coverage of the Eurovision Song Contest in the 50-year history of the
competition, with three hours of linear television coverage; a red button
interactive TV service; and the chance to download videos from all 39
participating countries via our Broadband Player and through our WAP
portal, bbc.co.uk/mobile. In so doing, these services encouraged 19
per cent of the available audience to press red for more than 30 mins,
with an extra 11 per cent requesting video streams on the web and mobile
And during the two weeks of last year's Olympics, the average 3.1m
viewers who sat in front of their television screens every day were
joined by 2.8m requests for video streams on the web from 5.7m unique
users to bbc.co.uk/sport. Overall the Games generated more than 73 million
online page impressions, much of this via mobile.
Suddenly, the idea of multiple platform media consumption seems less
of a pipe dream. But these services, achieving perhaps 10 to 20 per
cent of the TV audience reach, are just the beginning.
On-demand and Catch-Up - Anytime
It starts to get really interesting when we begin breaking completely
free of the linear schedule to offer two perhaps more profound services,
that of Catch-Up On-Demand TV, and the deep programme back-catalogue
online service - or in BBC speak, the iMP and the Open Archive. Let
me also say that what I used to dismissively call 'the tyranny of the
schedule' is of course a massively useful navigation tool, and will
probably be with us for many many years. I see the internet delivered
catch-up iMP service and the long-tail Open Archive service as complementary,
but they will one day account for a considerable share of media consumption
time and eyeballs.
The world we're leaving is one of Spectrum Scarcity, as Chris Anderson,
Wired's editor-in-chief puts it: "Not enough shelf space for all the
CDs, DVDs, and games produced. Not enough screens to show all the available
movies. Not enough channels to broadcast all the TV programmes, not
enough radio waves to play all the music created, and not enough hours
in the day to squeeze everything out".
And still in his words, the world we're entering is "A world of abundance.
And," he concludes, "the differences are profound."
Last month I announced the content trial of the BBC's interactive Media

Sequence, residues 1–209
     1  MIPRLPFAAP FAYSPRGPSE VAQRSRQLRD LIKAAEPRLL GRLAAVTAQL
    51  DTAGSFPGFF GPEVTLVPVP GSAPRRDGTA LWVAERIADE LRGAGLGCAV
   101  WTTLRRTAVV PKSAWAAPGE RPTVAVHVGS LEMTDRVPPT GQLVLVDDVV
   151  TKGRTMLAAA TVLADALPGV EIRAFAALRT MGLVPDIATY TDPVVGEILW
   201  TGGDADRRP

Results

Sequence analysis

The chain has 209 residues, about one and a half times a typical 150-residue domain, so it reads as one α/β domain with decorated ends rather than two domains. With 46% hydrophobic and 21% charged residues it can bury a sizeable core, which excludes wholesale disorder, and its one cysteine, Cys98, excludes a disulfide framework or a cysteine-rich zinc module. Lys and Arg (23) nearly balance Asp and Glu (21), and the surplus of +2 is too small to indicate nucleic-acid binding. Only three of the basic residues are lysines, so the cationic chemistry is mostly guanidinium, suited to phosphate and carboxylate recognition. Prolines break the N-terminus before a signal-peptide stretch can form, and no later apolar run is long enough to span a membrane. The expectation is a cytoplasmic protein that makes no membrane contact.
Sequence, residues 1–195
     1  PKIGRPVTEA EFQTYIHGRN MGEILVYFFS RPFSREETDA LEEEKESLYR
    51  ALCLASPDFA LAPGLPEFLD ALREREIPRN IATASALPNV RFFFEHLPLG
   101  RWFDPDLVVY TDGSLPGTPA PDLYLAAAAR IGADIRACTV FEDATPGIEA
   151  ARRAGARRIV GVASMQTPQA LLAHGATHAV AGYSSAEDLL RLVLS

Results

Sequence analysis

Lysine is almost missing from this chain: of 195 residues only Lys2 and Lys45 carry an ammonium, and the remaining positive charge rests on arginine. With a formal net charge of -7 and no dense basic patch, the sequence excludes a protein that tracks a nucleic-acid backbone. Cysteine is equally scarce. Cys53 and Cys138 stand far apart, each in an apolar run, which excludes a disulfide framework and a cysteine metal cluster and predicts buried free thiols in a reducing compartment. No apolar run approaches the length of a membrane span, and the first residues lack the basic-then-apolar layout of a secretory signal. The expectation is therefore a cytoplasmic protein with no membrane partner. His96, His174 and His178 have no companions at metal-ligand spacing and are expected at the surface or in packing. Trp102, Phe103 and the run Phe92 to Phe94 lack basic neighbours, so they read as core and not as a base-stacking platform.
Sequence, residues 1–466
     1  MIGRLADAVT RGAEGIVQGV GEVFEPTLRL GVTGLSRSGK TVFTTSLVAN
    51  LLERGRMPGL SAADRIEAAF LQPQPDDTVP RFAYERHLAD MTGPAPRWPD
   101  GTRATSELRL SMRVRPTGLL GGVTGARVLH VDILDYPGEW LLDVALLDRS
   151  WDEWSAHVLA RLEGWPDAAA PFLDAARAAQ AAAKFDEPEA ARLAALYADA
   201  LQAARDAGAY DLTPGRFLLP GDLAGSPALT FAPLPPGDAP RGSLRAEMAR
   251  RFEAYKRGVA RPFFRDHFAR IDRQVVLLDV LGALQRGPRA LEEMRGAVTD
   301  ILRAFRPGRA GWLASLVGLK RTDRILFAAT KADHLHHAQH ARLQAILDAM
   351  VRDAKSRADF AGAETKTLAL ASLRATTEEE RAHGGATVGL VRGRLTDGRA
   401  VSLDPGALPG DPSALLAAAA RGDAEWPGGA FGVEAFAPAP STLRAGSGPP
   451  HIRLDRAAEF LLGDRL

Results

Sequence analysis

Player (iMP), which will begin in September and last for three months.
The service builds on the success of our RadioPlayer and offers BBC
audiences the chance to catch up on TV and radio programmes they might
have missed for up to seven days after the original broadcast. For those
of you that haven't seen it here's a taster.
At the BBC we believe that iMP heralds a new era for programming, allowing
audiences to get to our programmes when they want it.
It is still early days; our recent research put this right at the top
of audience demand for new services from the BBC, with over two thirds
showing a keen interest. Even conservative estimates suggest that by
the end of this decade some four million people - 15 per cent of the
UK population - may be likely to use a catch-up TV service. And this
is not TiVo or Sky+ - brilliant services in their own right - but with
iMP, you don't have to remember to record it: its all there, whenever
you want it.
But time-shifted programming isn't just something for the net. The
BBC has also been working with third parties like ntl to look at what
catch-up packages will work on Cable TV. They expect some 50 per cent
of their subscribers to be regular users of on-demand by the end of
2010, and our findings to date show, perhaps unsurprisingly, that it's
popular BBC programmes such as Dr Who and EastEnders that attract huge
on-demand audiences. But what we have also discovered is that there
are other programmes - traditionally broadcast out of peaktime - our
lower-rating, more specialist programmes, that also attract impressive
cumulative audiences, albeit over a longer period of time.
The Longtail - Anything
Welcome to the long-tail. Its value to commercial providers of deep
back catalogue is well known. Online bookstore Amazon gets one third
of its sales from the long tail, outside the 125,000 books that Barnes
and Noble can stock. And for them, the larger margins on these books
contribute even more than a third of their bottom line.
The long-tail offers a return on investment in the broadcasting world
too; not only delivering public or commercial value by providing quality
programmes to our audiences when they want to watch them, perhaps again
and again, but also by attracting new audiences to a programme who may
not otherwise have come - extending a programme's appeal, its lifecycle
and consequently its potential to add long-term cumulative reach.
The longtail takes the control away from the broadcast schedulers and
puts it in the hands of our audiences - making anything available, anytime,
It is within this environment that we aspire to grow and develop the
creative archive - a partnership currently comprising the BBC, Channel
4, the BFI and the Open University, but open to all public organisations.
With a wealth of material made available online, the opportunity to
search - and find - programmes opens up huge possibilities. This is
our vision for it.
So, with 10 per cent reach up for grabs with rich media programme extensions,
15 per cent for catch-up TV, 30 per cent for the deep archive, why aren't